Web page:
Actually, I believe its concept first began to bother me when I saw EdTV, where some average Joe becomes an instant celebrity when he airs every moment of his day on national television. The twist in the Truman show is that Truman Burbank does not know he's the star of a 24 hour, round the clock, exclusive reality TV show. If you've seen The Truman Show, you may think you know where this is going, but please hold tight, friends and readers.
Jodie Foster put (at least) one thing beautifully at the Golden Globes when she said, after objecting to the idea that every celebrity should air their lives in public, "Please don't cry; my reality show would be so boring." If an actress whom IMDB credits with 75 roles in mostly Hollywood films can say that her show would not be worth watching, I think we could all learn some humility and admit the same. None of us are Truman Burbank. Nobody would want to watch any of us 24/7, and there is no need to be paranoid that the world is a conspiracy theory centred around your secret reality TV show.
What the thought experiment in The Truman Show contributes to, for me, is the idea of complete and total indoctrination.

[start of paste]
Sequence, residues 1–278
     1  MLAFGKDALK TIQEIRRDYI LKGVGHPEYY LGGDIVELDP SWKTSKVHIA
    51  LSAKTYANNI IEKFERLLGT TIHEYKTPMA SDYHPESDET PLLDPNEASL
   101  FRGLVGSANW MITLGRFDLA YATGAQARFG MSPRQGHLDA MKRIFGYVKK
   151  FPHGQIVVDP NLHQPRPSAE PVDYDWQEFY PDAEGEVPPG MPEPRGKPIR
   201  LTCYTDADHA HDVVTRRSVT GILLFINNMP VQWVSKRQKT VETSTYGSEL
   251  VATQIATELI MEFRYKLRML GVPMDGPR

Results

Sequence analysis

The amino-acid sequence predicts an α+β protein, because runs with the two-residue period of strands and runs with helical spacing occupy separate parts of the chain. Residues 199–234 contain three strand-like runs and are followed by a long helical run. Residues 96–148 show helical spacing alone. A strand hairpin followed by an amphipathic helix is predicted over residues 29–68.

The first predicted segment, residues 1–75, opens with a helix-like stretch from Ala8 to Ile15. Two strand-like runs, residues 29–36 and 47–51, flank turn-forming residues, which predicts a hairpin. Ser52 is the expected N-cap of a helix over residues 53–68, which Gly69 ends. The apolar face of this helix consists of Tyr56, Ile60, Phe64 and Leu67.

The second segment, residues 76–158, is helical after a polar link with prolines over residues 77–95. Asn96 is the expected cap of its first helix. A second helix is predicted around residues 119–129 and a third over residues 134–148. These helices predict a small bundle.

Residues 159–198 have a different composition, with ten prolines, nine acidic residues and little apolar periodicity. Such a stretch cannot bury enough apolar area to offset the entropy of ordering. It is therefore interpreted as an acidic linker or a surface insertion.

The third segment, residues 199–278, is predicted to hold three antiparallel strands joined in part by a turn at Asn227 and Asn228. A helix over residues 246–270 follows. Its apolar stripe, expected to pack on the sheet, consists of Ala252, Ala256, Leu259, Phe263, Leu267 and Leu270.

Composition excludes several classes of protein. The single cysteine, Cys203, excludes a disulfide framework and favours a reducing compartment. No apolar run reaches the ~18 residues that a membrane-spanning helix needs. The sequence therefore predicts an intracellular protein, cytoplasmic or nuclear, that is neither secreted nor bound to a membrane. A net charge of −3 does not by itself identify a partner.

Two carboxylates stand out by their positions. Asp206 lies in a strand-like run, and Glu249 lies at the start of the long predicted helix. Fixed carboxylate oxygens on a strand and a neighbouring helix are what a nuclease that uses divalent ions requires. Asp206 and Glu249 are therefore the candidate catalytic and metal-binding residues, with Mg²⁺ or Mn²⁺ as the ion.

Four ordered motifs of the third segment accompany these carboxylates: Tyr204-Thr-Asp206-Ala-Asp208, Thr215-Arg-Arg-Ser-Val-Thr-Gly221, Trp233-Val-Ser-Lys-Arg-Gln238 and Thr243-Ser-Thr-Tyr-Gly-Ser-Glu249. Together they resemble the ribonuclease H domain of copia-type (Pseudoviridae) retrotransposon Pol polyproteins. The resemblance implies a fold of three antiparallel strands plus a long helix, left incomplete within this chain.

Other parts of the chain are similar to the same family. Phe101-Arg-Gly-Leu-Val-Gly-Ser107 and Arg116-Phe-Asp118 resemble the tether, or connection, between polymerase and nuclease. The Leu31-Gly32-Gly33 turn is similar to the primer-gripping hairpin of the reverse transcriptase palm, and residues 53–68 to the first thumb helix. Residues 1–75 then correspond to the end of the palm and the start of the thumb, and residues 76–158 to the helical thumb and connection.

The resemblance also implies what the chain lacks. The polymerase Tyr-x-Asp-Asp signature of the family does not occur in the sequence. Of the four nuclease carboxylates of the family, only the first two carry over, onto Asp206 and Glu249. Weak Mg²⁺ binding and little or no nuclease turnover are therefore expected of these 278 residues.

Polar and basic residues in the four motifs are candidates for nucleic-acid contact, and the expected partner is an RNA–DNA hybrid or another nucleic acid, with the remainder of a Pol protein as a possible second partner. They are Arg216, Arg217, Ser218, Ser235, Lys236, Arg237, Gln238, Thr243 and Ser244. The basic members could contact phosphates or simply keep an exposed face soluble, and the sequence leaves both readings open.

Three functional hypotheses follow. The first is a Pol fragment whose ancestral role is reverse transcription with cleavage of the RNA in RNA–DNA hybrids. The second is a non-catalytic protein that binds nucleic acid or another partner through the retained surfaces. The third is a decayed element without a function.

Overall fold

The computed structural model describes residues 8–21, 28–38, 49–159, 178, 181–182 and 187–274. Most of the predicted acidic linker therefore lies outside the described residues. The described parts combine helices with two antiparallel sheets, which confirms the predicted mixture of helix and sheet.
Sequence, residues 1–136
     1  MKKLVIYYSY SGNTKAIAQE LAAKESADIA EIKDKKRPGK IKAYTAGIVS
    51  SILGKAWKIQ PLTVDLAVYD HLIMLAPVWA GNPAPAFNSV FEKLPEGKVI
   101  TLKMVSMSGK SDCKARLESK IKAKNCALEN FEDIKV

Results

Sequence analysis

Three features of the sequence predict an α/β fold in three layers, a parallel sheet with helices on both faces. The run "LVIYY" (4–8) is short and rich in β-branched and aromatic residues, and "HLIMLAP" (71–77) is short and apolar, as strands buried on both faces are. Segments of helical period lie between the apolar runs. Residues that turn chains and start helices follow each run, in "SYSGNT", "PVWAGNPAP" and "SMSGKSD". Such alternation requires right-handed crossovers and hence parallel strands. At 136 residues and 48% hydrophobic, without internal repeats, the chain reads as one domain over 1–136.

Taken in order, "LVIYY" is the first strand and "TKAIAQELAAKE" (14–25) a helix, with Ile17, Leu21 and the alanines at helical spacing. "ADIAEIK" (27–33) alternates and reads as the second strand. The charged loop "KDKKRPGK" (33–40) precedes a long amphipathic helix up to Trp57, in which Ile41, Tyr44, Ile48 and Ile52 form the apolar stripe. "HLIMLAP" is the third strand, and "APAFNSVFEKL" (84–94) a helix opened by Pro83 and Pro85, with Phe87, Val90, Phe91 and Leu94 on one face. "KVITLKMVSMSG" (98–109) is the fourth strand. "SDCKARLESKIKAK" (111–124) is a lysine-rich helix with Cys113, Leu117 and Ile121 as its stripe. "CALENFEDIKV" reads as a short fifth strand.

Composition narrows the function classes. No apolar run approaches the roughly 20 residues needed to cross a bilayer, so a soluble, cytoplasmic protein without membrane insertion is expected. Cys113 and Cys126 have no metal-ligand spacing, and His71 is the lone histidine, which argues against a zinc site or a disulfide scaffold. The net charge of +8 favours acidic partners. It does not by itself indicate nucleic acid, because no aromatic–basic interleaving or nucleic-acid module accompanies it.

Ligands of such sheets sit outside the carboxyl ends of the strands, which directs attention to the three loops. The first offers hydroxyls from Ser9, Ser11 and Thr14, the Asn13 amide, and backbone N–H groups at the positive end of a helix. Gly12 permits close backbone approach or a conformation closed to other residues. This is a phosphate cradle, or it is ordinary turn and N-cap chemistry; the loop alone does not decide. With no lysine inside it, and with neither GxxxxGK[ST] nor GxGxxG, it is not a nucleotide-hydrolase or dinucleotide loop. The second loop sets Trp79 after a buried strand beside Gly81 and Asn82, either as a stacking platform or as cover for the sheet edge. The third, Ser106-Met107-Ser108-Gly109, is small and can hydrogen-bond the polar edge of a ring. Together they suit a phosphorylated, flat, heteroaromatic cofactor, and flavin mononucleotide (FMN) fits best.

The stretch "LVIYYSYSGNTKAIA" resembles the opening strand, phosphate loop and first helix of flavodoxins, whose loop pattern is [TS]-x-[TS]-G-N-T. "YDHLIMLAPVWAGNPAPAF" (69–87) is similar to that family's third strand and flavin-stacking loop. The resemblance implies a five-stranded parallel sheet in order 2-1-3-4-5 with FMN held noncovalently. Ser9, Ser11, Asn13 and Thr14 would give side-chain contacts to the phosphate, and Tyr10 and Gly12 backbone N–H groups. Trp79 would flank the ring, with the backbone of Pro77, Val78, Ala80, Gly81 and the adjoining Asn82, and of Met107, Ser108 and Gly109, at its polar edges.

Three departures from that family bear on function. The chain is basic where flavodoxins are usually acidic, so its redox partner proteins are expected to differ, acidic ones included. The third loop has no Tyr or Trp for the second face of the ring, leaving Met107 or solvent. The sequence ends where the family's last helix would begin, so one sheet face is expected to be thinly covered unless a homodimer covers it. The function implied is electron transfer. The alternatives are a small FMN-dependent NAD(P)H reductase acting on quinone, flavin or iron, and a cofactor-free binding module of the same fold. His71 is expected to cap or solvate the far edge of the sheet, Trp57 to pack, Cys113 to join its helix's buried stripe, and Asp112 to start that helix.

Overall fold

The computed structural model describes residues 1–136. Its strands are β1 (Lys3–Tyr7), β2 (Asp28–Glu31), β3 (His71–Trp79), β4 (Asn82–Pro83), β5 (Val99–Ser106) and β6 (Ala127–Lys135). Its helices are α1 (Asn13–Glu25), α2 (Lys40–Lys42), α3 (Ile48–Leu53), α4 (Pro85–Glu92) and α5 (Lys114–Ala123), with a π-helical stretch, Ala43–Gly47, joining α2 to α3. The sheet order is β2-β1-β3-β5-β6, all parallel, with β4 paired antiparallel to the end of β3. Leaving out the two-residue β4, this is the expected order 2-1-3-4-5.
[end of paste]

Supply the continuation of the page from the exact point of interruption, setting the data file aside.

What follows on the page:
We can all examine our perspectives and see where we have been indoctrinated in one way or another. For example, if you're anything like me you might be up in arms lately about the accusation that the "liberal media" is taking over the United States. However, it is important to think critically about where our information comes from and what filters it passes through before it reaches our ears. It's important that we never forget that our view is limited by where we come from, to whom we speak, and most importantly, to whom we listen.
The reason why The Truman Show haunts me is not because I'm afraid for my privacy, which is the fear that is most commonly drawn from the film. Another good theme is Freedom of Choice; would Truman have chosen the same life for himself as the one Christof chose for him? But the most applicable message from The Truman Show, in my opinion, is that every experience we have in the world is colored by bias, and we continue to color those experiences with our interpretation.
At the risk of getting heavy handed with this, I'll list just a couple of examples. The most obvious, that we can all see, is Truman's fear of water and the ocean, induced on purpose to keep him from leaving the set of his home town. But you have to imagine that if the control Christof has over Truman could go that far, it could also go as far as to mould him into the person that he is. Christof could have raised Truman to believe that the color of the sky is called Salmon, and as trivial and funny as that sounds, he could also have taught him that Canada is a sovereign dynasty made up of peasants who communicate in the dead language of Latin. Still trivial? Well, my ending thought would be to consider the extent to which we pass on beliefs to our children in much the same way. Please let me know if you agree or disagree. Am I the one being paranoid?